Step 7: Most plan specify that the employee is suspended from contributing to the plan and all other plans that the employer maintains for at least six months after receiving a hardship distribution. Inform the employee and enforce this provision. Failing to enforce the plan's suspension provision is a common plan error but may be corrected through the Employee Plans Compliance Resolution System (EPCRS).
On its Web site, the IRS posted a reminder that individuals who received the COBRA health insurance subsidy and who have become eligible for other group health coverage are required to notify the plan in writing that they are no longer eligible for the COBRA subsidiary. (http://www.irs.gov/businesses/small/article/0,,id=212421,00.html) If an individual continues to receive the subsidy after he or she is eligible for other group health coverage such as coverage from a new job or Medicare eligibility, the individual may be subject to a penalty of 110 percent of the subsidy provided after the individual becomes eligible for the new coverage. Anyone who suspects that someone may be receiving the subsidy after becoming eligible for other group health coverage may report this to the IRS by completing Form 3949-A, Information Referral.
The United States Department of Health and Human Services (HHS) has released an interim final rule requiring that health care providers, health plans, and other HIPAA-covered entities notify individuals when their protected health information is breached, as required by the Health Information Technology for Economic and Clinical Health (HITECH) Act, passed as part of the American Recovery and Reinvestment Act of 2009 (ARRA). (45 CFR Parts 160 and 164) These “breach notification” regulations require health care providers, health plans, and other HIPAA-covered entities to promptly notify affected individuals of a breach. Where a breach affects more than 500 individuals, the HHS Secretary and the media also must be notified. Breaches affecting 500 or fewer individuals must be reported to the HHS Secretary annually. Business associates of HIPAA-covered entities also are required to notify the covered entity of breaches at or by the business associate.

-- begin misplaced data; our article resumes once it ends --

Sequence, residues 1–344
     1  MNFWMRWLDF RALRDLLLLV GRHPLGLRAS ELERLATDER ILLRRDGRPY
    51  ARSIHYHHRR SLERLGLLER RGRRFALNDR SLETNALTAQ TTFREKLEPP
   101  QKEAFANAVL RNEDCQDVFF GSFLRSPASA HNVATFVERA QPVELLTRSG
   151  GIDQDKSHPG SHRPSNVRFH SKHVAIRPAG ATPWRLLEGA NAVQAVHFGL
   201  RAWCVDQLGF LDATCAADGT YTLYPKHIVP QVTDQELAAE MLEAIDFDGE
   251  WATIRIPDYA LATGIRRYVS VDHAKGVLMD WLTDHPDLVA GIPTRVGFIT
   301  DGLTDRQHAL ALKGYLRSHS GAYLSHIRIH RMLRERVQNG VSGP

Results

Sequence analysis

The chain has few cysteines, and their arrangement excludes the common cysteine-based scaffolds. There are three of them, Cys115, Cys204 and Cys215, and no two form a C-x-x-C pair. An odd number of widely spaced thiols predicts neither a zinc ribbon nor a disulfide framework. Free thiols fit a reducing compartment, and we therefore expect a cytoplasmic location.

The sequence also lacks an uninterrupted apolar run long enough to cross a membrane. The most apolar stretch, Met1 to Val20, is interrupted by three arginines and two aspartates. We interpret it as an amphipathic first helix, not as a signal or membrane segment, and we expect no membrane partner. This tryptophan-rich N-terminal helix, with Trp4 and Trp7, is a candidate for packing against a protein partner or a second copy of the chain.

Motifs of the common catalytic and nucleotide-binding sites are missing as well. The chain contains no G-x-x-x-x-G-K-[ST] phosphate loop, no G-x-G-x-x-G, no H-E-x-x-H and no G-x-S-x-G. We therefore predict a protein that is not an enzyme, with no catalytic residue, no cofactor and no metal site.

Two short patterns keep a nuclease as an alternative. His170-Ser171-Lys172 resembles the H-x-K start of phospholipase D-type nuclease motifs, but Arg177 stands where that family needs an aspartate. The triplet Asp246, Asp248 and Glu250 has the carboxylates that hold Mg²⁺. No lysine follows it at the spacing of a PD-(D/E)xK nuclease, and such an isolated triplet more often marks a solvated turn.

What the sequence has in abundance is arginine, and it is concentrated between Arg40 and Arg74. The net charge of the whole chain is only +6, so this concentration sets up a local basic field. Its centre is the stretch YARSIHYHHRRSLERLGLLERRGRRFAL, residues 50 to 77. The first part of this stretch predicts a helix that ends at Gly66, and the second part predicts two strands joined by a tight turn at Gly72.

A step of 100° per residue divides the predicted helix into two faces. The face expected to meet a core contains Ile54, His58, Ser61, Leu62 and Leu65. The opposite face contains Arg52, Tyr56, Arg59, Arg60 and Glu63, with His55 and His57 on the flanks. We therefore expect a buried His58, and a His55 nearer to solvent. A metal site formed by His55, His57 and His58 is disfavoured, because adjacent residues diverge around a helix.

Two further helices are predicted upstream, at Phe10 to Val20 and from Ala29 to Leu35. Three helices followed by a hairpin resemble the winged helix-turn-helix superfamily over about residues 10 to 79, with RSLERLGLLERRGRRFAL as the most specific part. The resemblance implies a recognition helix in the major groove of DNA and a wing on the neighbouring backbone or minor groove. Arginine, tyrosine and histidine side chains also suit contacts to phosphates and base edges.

The HHS also issued an update to its guidance specifying encryption and destruction as the technologies and methodologies that render protected health information unusable, unreadable, or indecipherable to unauthorized individuals. Where there has been a breach of information that has been secured as specified by the guidance through encryption or destruction, no notification of such breach is required. The new breach notification regulations address, among other topics, what constitutes a breach requiring notification, when a breach is treated as discovered, the time frame within which notification of a breach must be provided, the method of notification, and the content of the notification. The HHS interim final regulations are effective for breaches that are discovered by a covered entity or business associate on or after September 23, 2009, although the HHS will not impose sanctions for failure to provide the required breach notification for breaches that are discovered before February 22, 2010.
As a result of the HHS interim final rule, HIPAA-covered entities should determine what steps should be taken to comply with the new rules, including for example implementing reasonable systems for discovery of breaches in accordance with the regulations. Covered entities also may want to consider adopting destruction and encryption technologies and methodologies with respect to protected health information such that notification will not be required in the event of a breach. Business associate contacts also should be reviewed and revised to the extent necessary.